"This is an example of high-quality security technology in action."
When the news broke last week that Great Western Railway (GWR) suffered a data breach, in which the UK operator revealed hackers had illegal access to approximately 1,000 of its customers' details, there was understandable concern from those customers that were at risk. James Barrett from the data network company, Endace, takes a closer look at the cyber security breach to explain that, while some members of the public with a tainted view of the rail industry may hold GWR responsible, in his view the rail company is blameless.
In total, around 1,000 accounts out of a possible one million were “directly affected” by the attack. For the sake of clarity, that’s 0.1% of its customers. Unlike other high-profile and well-reported cases where hackers have gained entry via outdated security systems or poorly chosen passwords, GWR can rest easy. In this case, the hackers took username and password combinations leaked from other hacked websites and services, and used those to log into GWR.com accounts that had reused those credentials. This is a common attack known as credential stuffing.
The response of GWR was impressive. Very few customer accounts were actually impacted by this hack because GWR was quick to recognise the fact that there was an automated login system trying out different passwords on its network. This is an example of high-quality security technology in action – i.e. just enough activity to sound the alarm, which gets identified, stopped and shut down immediately. While not privy to the technology GWR is using, it is likely to be an AI-based system.
What is interesting in this case is that the information commissioner’s office was notified; an unnecessary step but one that is in line with GDPR breach notification rules, which come into force next month. As part of its response, GWR was also proactive in notifying its customers by sending out an email – a tactic that has since been mistaken, somewhat ironically, as phishing. I guess sometimes, you’re damned if you do, and you’re damned if you don't.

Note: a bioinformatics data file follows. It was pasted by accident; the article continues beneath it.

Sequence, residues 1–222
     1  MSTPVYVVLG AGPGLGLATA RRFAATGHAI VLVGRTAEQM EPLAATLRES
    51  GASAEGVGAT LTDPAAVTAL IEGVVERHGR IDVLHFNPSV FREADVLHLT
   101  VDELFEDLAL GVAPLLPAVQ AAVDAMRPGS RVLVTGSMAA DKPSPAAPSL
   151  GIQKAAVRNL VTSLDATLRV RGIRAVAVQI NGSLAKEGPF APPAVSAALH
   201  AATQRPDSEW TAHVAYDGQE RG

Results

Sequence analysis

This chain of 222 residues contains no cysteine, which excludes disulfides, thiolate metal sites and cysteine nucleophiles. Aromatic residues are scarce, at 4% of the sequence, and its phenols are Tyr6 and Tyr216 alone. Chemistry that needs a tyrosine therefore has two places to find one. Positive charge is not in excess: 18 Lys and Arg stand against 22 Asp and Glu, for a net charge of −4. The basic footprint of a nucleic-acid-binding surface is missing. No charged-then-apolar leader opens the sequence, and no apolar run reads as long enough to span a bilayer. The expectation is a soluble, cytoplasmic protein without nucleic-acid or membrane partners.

Outside of the specifics, this is timely test case of the role GDPR will play for businesses. GWR has clearly used this opportunity to road test its GDPR response, which can only stand it, and its customers, in good stead moving forward. The fact still remains that despite being open, honest, and having not been at fault in this case, GWR will still have a public record of a breach. It is looking like this will be the new normal for companies. Soon, consumer trust in businesses won't be based on those that have been hacked versus those that haven’t. Instead, it will simply be driven by which companies best handle their responses to attacks.
James Barrett is senior director for Europe, the Middle East and Africa at Endace.
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